KANSAS CITY — The normal courses of many trends in the world of consumer goods took a variety of unexpected detours in the past year-plus, and food was no exception. 

In fact, because of COVID, 2021 is a year “unlike any other” when it comes to food trends, said Maeve Webster, president of consultancy Menu Matters.

“While it would be wrong to say there aren't any trends this year, the truth is there's a lot more focus on getting back in business and staying in business rather than focusing on true innovation or pushing boundaries,” Webster said.

The result is a continuation of many trends that were picking up steam before the pandemic — things like Nashville hot, buffalo, elote and gochujang.

At the same time, Menu Matters is also tracking variations on familiar items. Take honey: spicy honey, hot honey, smoked honey and fermented honey are just a few of the new takes on that particular old theme.

Operators are also looking for ways to create new experiences that don't push the boundaries too far because everyone is just looking to get back to 100% operations and drawback as many customers as possible without alienating anyone.

“It makes perfect sense that operators are looking to take the familiar and create new iterations on a theme,” Webster said. “We're seeing a lot of play with flavor systems or flavor profiles that are traditional with a specific dish — like cacio e pepe, or negronis, or Thai iced tea — but that are pulling that system apart and recreating it as a breakfast sandwich or snack or dessert.”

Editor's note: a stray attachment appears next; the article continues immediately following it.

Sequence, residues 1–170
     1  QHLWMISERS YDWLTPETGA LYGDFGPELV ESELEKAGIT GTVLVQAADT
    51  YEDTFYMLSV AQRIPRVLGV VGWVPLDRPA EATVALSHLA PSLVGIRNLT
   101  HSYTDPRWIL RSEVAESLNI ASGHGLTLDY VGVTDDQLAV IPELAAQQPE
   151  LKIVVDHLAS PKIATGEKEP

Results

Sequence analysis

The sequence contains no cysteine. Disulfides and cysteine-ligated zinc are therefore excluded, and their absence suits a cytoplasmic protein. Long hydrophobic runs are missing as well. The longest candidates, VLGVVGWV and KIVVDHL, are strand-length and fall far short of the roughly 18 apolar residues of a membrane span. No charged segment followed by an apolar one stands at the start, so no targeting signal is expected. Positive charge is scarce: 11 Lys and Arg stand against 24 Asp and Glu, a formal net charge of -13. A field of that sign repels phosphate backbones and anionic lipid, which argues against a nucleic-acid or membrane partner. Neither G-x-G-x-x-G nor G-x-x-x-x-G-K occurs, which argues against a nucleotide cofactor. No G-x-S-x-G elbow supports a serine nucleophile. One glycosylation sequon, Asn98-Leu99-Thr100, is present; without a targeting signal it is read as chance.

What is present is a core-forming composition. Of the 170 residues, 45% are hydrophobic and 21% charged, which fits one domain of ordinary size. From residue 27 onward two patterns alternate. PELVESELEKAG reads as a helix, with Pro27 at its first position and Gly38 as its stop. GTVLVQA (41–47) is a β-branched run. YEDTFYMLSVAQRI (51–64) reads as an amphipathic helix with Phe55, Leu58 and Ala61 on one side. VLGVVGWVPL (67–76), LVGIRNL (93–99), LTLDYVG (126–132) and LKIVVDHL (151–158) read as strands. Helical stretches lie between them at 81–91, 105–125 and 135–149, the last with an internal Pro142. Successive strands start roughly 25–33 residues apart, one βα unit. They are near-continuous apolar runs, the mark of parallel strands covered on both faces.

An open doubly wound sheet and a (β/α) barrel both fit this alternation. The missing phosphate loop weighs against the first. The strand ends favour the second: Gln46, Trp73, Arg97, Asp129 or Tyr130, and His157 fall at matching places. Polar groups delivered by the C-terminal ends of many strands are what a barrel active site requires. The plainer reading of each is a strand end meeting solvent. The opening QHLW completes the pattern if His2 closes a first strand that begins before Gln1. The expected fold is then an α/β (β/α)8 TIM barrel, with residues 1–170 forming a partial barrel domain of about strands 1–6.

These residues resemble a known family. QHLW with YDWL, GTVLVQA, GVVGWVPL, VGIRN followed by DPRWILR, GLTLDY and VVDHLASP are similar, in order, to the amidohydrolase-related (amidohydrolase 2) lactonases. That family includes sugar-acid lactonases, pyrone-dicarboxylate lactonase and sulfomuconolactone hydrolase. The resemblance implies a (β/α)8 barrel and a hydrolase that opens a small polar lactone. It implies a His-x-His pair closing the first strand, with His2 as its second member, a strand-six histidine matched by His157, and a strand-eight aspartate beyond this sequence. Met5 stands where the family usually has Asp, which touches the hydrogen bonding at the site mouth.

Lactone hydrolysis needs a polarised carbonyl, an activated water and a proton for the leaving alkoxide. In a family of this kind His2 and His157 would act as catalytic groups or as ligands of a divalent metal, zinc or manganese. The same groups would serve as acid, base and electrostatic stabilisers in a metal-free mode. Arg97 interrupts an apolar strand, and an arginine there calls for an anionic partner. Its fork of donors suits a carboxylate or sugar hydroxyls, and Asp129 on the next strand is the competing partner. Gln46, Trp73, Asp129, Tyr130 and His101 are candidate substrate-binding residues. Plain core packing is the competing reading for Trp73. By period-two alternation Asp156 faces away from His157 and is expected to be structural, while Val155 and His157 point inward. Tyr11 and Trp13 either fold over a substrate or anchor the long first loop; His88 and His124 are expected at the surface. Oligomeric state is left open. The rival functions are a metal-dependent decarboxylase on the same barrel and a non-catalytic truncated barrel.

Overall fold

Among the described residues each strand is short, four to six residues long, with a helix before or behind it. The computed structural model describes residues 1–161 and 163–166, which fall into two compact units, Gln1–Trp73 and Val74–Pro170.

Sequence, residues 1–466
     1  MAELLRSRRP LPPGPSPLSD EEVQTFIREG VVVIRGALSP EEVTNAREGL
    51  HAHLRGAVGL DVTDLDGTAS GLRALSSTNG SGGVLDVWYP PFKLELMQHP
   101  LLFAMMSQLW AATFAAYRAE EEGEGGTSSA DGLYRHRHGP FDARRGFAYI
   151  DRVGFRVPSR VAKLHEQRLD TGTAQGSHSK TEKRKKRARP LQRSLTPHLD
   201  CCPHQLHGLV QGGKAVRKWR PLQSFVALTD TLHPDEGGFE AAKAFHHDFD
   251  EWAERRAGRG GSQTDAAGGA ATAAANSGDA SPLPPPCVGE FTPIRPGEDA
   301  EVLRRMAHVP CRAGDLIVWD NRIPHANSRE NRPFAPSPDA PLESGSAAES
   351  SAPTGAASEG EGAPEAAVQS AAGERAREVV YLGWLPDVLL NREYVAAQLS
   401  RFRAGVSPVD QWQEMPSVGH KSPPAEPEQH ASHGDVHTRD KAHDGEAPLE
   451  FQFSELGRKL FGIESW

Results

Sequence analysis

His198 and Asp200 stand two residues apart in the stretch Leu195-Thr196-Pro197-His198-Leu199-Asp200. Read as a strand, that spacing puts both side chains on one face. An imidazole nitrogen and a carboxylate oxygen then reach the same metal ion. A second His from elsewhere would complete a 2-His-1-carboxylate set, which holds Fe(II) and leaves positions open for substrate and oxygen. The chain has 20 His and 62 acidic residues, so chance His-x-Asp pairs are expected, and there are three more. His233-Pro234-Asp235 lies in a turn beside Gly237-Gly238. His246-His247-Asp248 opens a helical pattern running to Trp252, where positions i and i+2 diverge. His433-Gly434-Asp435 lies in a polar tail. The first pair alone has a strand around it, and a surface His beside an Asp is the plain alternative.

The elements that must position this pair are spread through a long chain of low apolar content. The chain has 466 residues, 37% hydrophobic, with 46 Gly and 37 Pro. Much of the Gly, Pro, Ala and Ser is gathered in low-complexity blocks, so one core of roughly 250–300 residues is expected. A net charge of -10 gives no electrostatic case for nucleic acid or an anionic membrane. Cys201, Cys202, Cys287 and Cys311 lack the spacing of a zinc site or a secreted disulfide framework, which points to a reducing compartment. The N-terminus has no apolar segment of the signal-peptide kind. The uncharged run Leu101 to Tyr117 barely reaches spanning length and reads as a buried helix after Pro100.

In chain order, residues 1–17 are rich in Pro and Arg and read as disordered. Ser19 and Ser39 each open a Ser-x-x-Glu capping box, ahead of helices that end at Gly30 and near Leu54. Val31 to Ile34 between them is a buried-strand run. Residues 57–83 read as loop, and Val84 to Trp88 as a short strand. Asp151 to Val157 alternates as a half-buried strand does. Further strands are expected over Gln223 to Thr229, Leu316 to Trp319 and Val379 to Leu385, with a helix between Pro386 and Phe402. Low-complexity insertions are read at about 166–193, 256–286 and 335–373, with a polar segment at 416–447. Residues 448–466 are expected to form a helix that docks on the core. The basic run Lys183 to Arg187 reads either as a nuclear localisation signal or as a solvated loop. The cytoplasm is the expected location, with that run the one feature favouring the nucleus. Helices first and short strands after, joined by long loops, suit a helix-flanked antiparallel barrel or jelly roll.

Such innovations highlight the inventiveness of the food industry professional while still leveraging the popularity of the system itself, she added.

Health to the fore

As consumers take a holistic approach to their diet and lifestyle, functional foods and beverages are in demand, said Amy Marks-McGee, founder of consultancy Trendincite LLC. 

Products that support the immune system are a good example of this trend. According to IRI data, 37% of consumers say “food is a better medicine than medicine,” and 17% reported they would buy more products that support immunity as a result of the pandemic.

“Prior to the pandemic, the trend to holistic health was gaining momentum, and the pandemic just propelled individuals’ interest in self-care and boosted the demand for functional food and beverages,” Marks-McGee said. “Sustainable food and beverage piggyback on this trend as consumers look for better-for-you and better-for-the planet products. From milk alternatives to meat analogs, plant-based products align with consumers’ desire for healthier and sustainable foods and beverages.”